• This was a special reference by the Minister of Justice to the Ontario Court of Appeal of a 1959 murder conviction which was quashed by the Court after a lengthy evidentiary hearing and two weeks of legal argument. The case put to rest one of Canada’s longest and most controversial cases of wrongful conviction. 

      Case Law

      Article

  •  R. v. Walsh
    • This successful Ministerial review of a 33-year old conviction on behalf of a dying man turned on proof that key exculpatory evidence was not disclosed by the Crown at trial.

      Article

  •  R. v. Cain
    • The Minister of Justice overturned a 1987 murder conviction in 2004 based on new evidence.

      Article 

  •  R. v. Phillion
    • This case was referred to the Court of Appeal for Ontario by the Minister of Justice and led to the overturning of a wrongful conviction after 33 years of imprisonment. 

      Case Law

      Article

  •  R. v. Mahalingan
    • In this case, on a legally complex issue, the Supreme Court of Canada reaffirmed the application of issue estoppel in Canadian criminal law. 

      Case Law

  •  R. v. Sarrazin and Jean
    • The Ontario Court of Appeal and then the Supreme Court of Canada upheld a challenge to previous authority on how the issue of causation should be left to juries in murder cases and made new law on whether attempted murder is an included offence on a charge of murder. 

      Case Law

  •  LSUC v. DeMerchant and Sukonick
    • In this case, the longest hearing in Law Society of Ontario history, two lawyers were cleared of charges of professional misconduct—an alleged conflict of interest—at a hearing of the LSUC Hearing Panel. Their exoneration was upheld on appeal.

      Case Law

      Article

  •  R. v. Youvarajah
    • The Supreme Court of Canada concluded that facts admitted on a guilty plea of one accused cannot generally be admitted against a co-accused at a subsequent trial when they are repudiated by the first accused.

      Case Law

      Article

  •  R. v. Leighton Hay
    • A man who was convicted of murder based on spurious allegations that he had cut his hair to disguise himself was exonerated when fresh evidence established that hairs relied on by the Crown came from his beard, not his head.

      Case Law

  •  R. v. Ting
    • The Court of Appeal for Ontario established that a search conducted pursuant to a warrant for an incorrect address must be halted and a new warrant obtained.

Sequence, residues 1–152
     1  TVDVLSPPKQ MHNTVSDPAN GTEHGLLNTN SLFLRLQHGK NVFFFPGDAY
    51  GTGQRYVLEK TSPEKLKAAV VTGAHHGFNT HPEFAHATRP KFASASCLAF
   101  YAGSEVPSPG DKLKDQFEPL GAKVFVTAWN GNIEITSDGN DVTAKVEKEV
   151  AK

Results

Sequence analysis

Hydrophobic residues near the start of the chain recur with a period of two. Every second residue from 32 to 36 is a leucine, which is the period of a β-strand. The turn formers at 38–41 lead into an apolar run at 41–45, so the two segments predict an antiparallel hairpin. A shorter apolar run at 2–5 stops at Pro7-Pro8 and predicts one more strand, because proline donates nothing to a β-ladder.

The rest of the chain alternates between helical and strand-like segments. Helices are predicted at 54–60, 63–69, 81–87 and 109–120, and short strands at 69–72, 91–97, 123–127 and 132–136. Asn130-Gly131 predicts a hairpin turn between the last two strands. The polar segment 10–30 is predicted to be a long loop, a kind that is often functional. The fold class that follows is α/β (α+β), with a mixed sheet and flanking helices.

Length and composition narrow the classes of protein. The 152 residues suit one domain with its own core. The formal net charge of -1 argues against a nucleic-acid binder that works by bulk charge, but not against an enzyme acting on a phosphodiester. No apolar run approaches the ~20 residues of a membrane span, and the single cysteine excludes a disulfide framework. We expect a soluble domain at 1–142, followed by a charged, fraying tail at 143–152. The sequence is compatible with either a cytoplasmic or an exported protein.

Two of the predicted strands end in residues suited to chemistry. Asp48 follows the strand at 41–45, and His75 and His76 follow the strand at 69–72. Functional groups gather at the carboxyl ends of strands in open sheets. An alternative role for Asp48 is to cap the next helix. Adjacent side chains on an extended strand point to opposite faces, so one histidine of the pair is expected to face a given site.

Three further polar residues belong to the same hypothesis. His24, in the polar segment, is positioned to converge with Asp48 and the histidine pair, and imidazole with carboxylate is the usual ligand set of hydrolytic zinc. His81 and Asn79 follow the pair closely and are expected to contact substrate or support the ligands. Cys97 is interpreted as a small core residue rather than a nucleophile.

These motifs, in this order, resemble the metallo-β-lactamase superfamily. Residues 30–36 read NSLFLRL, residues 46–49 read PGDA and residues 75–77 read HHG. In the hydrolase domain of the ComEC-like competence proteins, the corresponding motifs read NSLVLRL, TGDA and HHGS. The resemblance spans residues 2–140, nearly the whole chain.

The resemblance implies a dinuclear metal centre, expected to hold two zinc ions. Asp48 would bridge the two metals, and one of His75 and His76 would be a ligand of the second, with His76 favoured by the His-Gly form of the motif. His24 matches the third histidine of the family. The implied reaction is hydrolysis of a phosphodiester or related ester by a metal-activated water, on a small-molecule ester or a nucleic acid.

Case Law

  •  R. V. Brown
    • This ground-breaking appeal to the Court of Appeal for Ontario established both the
      legitimacy of the constitutional defence of racial profiling and the mode of analysis for
      identifying it at trial.

      Case Law

      Article

  •  R. V. CARMICHAEL
    • A father was accused of first degree murder in the killing of his young son. He was found not criminally responsible and remanded to a psychiatric hospital from which he was later absolutely discharged.

      Article

  •  R. V. Yates
    • A wrongful conviction for sexual assault of a man against his former girlfriend was quashed as an unreasonable verdict. An acquittal was entered.

  •  R. V. MANASSERI
    • The Court of Appeal for Ontario closely analyzed very complex forensic neuropathology issues, including fresh evidence on appeal, in a case where a single blow was alleged to have caused death in an altercation at a bar. The Court concluded that the jury’s guilty verdict of murder was unsustainable and ordered a new trial.

      Case Law

      Article

  •  R. V. MCDONALD
    • In an important judgment on the admissibility of evidence of prior discreditable conduct, the Court of Appeal for Ontario ordered a new trial for a man convicted of first degree murder in the death of a young woman.

      Case Law

      Article

  •  R. V. MURRAY
    • The Court of Appeal concluded that a trial judge sitting on a first degree murder case had intervened so frequently throughout the case as to give rise to a reasonable apprehension that he was biased in favour of the Crown. The conviction was quashed and a new trial ordered.

      Case Law

      Article